Bob Morley's Posts (10)

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3D printed tricopter - latest version.


Thought I'd share some pics of my latest tricopter, it'll be the 10th version and the second 'flying prototype' (with any luck).

The design has come a long way, I suspect its still over target weight but I *really* want to get this thing flying.

Its all printed in PLA so it can be made on any printer, even the really basic ones.

There have been quite a few changes, however here are the specs :-

- PixFalcon

- Raspberry Pi 2

- Arduino Teensy

- PiCam

- DYS 850kv motors, 10x4.5 props

- 30A ESC

- Dualsky 2300mAh PiPo (4S)

- Camera gimbal (only 1-axis)

- Bluetooth, Wifi, (3G possible)

- PS2 Controller

- GS9018 servos for gimbal & tail boom, 2:1 gear ratio for tailboom

The Pi2 streams video, telemetry via mavproxy, talks to the PS2 controller directly over bluetooth or via wifi to the groundstation, and streams controller inputs to the Arduino Teensy via I2C.

The Arduino handles all the real time stuff, it generates an SBus signal for the PixFalcon and will (eventually) sample sonar sensors.

Everything else is pretty standard. The camera gimbal is vibration damped with foam ear plugs, the PixFalcon as well by clamping it between foam pads and the front booms fold back for transport.

Here are some more photos :-




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Tricopter update

3689719702?profile=originalThought it about time I posted an update.

Attached are a couple of CAD sketches for the current Tricopter, the last one almost flew but was too fragile.

Changes are :-

  • Folding front booms.
  • Enclosed fuselage.
  • Foam plug anti-vibration mount for PixFalcon.
  • 2-axis gimbal (maybe)
  • M2M is 400mm
  • 3G, Wifi & Bluetooth, all at the same time

The prototype will have a 3D printed fuselage shell but I'm hoping to mould a polycarbonate sheet. Perhaps a coke bottle, a heat gun and a vacuum pump will do the trick. If it works out it'll be super light.


Here's a rear view showing the tail servo mechanism.

The servo is a GS-8901MG & the gearing ratio is 7:12 so there's plenty of torque.

One thing I'm not sure on - initially I put the GPS/compass module at the very front however I was going to try having it stuck to the top of the PixFalcon, for no other reason than it seems to fit and leaves useful free space at the pointy end.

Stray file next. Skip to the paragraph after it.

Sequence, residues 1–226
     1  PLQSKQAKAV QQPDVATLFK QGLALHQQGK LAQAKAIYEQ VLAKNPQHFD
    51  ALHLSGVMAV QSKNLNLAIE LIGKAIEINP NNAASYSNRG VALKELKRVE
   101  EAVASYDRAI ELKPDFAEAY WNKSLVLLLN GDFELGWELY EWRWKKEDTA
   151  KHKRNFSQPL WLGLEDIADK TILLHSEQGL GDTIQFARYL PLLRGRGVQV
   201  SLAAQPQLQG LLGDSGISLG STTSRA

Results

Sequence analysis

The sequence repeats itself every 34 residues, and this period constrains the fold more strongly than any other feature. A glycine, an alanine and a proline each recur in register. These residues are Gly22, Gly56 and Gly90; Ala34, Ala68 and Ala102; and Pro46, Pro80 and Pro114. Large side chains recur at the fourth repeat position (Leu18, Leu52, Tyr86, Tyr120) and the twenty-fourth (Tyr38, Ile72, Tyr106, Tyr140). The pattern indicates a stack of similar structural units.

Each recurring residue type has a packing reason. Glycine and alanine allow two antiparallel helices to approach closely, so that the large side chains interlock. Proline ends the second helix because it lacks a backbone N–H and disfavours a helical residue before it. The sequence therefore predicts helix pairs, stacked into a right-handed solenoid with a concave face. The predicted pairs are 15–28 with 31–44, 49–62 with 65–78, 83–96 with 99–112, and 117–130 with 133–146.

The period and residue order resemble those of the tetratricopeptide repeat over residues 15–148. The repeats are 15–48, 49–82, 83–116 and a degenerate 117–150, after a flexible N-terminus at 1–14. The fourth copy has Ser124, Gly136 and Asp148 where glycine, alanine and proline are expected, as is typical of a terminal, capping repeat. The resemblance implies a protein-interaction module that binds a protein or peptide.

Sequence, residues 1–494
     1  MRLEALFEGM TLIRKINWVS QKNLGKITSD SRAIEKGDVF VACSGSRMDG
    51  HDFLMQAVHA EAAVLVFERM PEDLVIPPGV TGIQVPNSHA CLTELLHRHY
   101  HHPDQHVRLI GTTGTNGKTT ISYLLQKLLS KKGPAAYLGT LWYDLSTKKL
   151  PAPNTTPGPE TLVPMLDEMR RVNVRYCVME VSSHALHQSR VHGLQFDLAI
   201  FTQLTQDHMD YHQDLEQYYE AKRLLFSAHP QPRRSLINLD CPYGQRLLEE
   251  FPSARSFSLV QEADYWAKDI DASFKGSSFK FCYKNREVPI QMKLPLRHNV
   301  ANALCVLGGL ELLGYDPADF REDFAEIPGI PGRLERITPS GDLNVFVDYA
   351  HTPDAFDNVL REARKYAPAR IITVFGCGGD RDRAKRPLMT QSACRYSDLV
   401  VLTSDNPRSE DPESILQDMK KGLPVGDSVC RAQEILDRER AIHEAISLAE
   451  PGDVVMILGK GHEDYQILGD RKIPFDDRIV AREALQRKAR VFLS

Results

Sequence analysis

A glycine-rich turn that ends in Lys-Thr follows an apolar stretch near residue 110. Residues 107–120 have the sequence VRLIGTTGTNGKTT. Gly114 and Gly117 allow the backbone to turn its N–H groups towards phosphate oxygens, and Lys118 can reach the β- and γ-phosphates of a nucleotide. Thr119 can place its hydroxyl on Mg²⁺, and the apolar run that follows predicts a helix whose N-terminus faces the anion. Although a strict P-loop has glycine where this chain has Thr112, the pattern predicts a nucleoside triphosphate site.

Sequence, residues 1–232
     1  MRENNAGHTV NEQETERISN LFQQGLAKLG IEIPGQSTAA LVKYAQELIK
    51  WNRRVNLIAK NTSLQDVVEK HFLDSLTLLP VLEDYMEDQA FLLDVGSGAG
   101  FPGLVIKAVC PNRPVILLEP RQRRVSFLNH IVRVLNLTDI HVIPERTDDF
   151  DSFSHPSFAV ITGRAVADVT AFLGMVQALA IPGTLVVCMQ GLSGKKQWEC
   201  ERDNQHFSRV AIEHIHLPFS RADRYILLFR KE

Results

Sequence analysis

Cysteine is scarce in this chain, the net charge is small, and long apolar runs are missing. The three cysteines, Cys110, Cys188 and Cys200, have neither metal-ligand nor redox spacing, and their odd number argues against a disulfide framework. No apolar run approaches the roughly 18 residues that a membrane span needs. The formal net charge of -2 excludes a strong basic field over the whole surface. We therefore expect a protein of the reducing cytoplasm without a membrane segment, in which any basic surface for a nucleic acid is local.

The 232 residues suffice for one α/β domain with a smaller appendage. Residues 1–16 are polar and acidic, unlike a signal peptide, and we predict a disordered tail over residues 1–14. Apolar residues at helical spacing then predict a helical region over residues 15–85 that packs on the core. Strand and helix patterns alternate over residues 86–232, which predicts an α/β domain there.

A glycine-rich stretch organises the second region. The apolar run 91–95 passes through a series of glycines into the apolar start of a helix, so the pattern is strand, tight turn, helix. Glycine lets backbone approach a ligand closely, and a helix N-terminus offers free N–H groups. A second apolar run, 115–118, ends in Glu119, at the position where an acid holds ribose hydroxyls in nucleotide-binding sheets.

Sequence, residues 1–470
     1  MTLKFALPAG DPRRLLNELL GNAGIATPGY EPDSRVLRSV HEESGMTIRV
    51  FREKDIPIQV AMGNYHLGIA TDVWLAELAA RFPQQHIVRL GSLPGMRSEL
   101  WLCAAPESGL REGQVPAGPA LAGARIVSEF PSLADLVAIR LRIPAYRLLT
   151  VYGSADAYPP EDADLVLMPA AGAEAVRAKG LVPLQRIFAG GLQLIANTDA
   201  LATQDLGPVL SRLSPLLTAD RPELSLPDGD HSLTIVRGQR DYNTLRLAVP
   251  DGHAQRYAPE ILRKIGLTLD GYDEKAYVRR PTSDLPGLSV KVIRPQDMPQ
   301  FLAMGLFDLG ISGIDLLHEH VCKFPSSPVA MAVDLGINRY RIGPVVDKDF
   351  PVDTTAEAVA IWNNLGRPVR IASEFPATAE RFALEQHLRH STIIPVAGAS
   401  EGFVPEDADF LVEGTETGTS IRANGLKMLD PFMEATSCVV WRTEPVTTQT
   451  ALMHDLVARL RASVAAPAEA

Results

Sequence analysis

Is it better to have maximum separation between the two compass modules or is that not really an issue ? I was also thinking the extra weight on the PixFalcon may help with vibration damping.

Thats all for now, I'll post an update when the first set of parts are ready for assembly.

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Tricopter tail boom linkage


Here's a better photo showing the tail boom linkage - basically a pair of printed gears.

This design has fewer parts than a conventional linkage, less things to break so hopefully more reliable.

There's a 2:1 gearing ratio between the servo and the tail boom. The servo moves +/- 60 degrees which seemed excessive so I traded motion for torque.

The gears really need to be printed in nylon but for the first prototype PLA is good enough.

There's no slop in the linkage and the tail boom rotates smoothly, so that's a promising start.

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Tricopter assembly

3689717960?profile=originalDry assembly to make sure all parts fit, so far so good.

The distance between motors is 450mm so obviously the arms need to be cut down.

A PixFalcon goes on top, the GPS/Compass module will either go directly on top of the PixFalcon or have its own mount at the front of the drone.

Target weight is 700 grams & its going to be close.

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Printing almost complete 13 hours later.